The people around the room nodded their heads in greeting at Anjiro, almost as if they were responding to the return of a family member, rather than the abrupt arrival of a bedraggled and exhausted fugitive.

“You are safe with us,” said an old lady. She took a worn pottery cup, and from an iron kettle she poured him a hot drink.

Anjiro spoke. “What if the men try to enter the house? What if they bring reinforcements?”

“We have many hiding places,” said one of the men.

“But you are believers too. They will find evidence.”

“We are a simple family who worship the Kannon,” replied the man, a grin on his face. He pointed to one side of the room. A carved wooden statue of the Kannon - the Buddhist goddess of mercy - rested against a wall. She was standing, dressed in flowing Japanese robes and wearing an ornate, jeweled headdress. Her soft eyes were almost closed and her thin lips were curved in a beatific smile. In her arms she cradled a small baby.

Now Anjiro also smiled. He recognized this. “Maria Kannon,” he murmured.

 It was at this moment that loud shouting could be heard from outside. Anjiro stood and walked to the side of the room, near the Kannon. A hole in the wall allowed him to spy on the scene outside.

It was his first close look at his pursuers. They were young men, both drenched. One was tall and skinny, and he was doing the talking.

“We are looking for a runaway,” he said. “A Christian. He came this way. You must have seen him.”

“We have not seen anyone. But please come inside. We will serve you a hot meal.”

“There is only one path. He must have come this way. You are lying.”

“There are many paths on this mountain. We have not seen anyone.”

“You are lying. You are trying to help him. We are going to search this house.”

“We are farmers. We…”

“You are lying,” screamed the man, and he drew his sword. His companion did the same. “Are you Christians too? Bring forward this man now.”

Now a woman spoke. “We are just farmers,” she said. “Please let us serve you dinner. You are so wet. You can sleep here tonight.”

“You are Christians,” shouted one of the men, thrusting his sword forward. “You know what happens to Christians. We are going to search this house and then we shall put you all to the sword.”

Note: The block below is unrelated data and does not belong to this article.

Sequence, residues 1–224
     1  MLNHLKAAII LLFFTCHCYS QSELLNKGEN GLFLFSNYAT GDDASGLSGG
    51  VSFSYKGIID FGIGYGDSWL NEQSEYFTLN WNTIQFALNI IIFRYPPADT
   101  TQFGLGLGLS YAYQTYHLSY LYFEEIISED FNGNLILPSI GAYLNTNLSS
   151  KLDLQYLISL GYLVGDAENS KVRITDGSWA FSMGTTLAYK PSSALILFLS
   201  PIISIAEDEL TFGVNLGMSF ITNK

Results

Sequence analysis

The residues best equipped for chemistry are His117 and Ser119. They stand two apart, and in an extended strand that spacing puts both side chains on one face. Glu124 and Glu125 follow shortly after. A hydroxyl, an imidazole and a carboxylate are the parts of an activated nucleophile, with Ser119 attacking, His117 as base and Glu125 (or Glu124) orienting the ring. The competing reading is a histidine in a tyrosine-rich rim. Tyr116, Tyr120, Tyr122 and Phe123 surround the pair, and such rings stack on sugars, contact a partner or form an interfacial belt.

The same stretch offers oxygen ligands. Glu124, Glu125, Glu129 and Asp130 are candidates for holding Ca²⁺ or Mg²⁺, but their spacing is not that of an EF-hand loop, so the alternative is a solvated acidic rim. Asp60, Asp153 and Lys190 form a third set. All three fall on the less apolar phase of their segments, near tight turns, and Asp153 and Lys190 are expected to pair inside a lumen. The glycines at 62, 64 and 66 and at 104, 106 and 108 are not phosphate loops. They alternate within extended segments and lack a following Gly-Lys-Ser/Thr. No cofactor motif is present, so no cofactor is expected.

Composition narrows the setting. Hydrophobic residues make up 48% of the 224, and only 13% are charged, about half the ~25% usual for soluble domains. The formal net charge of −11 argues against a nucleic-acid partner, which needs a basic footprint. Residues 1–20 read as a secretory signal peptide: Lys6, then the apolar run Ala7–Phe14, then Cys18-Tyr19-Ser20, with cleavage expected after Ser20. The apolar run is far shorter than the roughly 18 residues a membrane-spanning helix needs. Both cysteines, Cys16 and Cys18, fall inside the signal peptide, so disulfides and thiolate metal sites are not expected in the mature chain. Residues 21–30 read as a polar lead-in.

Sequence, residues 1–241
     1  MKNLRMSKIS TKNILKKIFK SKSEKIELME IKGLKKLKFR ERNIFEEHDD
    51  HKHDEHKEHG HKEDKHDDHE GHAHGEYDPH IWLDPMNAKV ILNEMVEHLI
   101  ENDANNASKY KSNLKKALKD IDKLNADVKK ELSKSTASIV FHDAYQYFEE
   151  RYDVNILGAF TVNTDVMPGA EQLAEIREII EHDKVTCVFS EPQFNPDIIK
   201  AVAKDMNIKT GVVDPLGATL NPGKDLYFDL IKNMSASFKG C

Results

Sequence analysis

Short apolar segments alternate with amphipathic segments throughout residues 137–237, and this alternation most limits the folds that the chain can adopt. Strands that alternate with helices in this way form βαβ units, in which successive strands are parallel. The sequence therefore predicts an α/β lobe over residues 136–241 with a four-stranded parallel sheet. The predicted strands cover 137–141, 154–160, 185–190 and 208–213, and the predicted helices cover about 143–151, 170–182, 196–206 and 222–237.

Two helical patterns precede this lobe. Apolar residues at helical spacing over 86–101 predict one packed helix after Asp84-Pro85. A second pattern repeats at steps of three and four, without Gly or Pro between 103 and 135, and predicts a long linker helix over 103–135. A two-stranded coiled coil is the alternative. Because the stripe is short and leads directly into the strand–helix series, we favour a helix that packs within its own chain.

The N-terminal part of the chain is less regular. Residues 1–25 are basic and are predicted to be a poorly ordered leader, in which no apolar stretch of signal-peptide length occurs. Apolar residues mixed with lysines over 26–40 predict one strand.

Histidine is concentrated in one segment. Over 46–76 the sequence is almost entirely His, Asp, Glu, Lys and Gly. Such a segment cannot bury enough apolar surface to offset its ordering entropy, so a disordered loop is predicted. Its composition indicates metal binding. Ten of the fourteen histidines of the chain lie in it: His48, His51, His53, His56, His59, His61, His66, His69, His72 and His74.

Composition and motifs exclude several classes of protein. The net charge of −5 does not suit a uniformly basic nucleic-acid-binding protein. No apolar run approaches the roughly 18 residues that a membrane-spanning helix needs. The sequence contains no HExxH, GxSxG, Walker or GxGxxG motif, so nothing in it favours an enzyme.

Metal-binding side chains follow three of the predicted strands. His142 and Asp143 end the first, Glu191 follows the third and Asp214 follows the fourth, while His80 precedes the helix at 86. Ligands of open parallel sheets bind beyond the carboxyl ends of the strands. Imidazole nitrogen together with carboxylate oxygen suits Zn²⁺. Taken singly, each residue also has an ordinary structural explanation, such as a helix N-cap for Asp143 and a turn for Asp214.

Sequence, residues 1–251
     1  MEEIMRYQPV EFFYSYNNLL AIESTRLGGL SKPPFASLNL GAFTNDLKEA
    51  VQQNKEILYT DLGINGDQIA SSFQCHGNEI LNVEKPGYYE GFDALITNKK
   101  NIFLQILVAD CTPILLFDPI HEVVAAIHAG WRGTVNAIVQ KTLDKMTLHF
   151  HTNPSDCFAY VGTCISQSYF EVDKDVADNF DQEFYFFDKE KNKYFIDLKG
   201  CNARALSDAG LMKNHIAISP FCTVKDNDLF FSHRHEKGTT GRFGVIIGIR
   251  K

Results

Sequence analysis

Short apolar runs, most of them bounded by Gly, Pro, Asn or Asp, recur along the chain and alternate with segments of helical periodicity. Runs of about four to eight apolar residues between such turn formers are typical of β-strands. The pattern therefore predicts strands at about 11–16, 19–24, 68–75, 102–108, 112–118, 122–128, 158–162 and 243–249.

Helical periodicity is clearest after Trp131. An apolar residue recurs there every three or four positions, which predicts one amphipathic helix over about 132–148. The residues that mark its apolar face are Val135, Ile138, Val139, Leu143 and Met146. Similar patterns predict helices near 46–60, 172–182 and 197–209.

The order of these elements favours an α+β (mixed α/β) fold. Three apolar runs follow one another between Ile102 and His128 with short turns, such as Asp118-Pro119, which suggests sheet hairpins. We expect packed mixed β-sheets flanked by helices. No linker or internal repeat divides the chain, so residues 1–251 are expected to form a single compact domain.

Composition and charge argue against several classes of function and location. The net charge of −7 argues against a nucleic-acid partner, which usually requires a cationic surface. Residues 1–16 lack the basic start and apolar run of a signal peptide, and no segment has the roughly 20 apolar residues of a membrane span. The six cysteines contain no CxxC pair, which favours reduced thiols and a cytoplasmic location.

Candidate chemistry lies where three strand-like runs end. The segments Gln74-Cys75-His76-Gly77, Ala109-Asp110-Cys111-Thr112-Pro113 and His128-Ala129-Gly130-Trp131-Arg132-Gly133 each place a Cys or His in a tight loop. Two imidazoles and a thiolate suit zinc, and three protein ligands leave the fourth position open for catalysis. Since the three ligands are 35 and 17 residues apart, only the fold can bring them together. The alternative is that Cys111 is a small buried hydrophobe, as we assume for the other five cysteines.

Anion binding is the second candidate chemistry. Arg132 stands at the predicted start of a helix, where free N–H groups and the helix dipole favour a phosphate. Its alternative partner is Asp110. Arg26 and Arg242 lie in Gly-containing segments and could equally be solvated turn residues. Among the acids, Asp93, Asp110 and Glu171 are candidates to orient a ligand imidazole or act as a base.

Anjiro felt the first pangs of alarm. He had brought this upon the household. Father Lopez had told him he would find sanctuary here. But he should not have come until he knew that he had thrown off his pursuers. Now they were all in danger.

His hand reached out to the Maria Kannon beside him and he said a silent prayer. Mother Mary, save me. Save us. Protect this home. I beg it of you. In the name of the Holy Father.

Outside, the shouting continued, the words drowned by the roar of thunder. One of the samurai was pointing his sword at the throat of a man from the house.

Mother Mary protect us. Anjiro maintained his silent prayer, watching with horror as the men advanced.

“We shall destroy this house and we shall kill everyone inside,” shouted the skinny man.

It was at that instant that another loud thunderclap rent the sky, rocking the house. At the same instant a blinding flare of lightning illuminated the entire plateau in a vivid white glow.

Then came another noise, an eerie grating sound like the rasping babble of a thousand angry ghosts, and without warning one of the giant pines toppled downwards.

The two men realized too late what was happening. They did not even have time to scream before the tree crushed them both.

Anjiro still had his hand on the wooden statue

Now he looked at it. His eyes were teary. He stroked the head of the statue.

“Maria Kannon. You have saved me.”

 About the Author:

Martin Roth is a veteran journalist and foreign correspondent whose reports from Asia have appeared in leading publications around the world. He is the author of many books.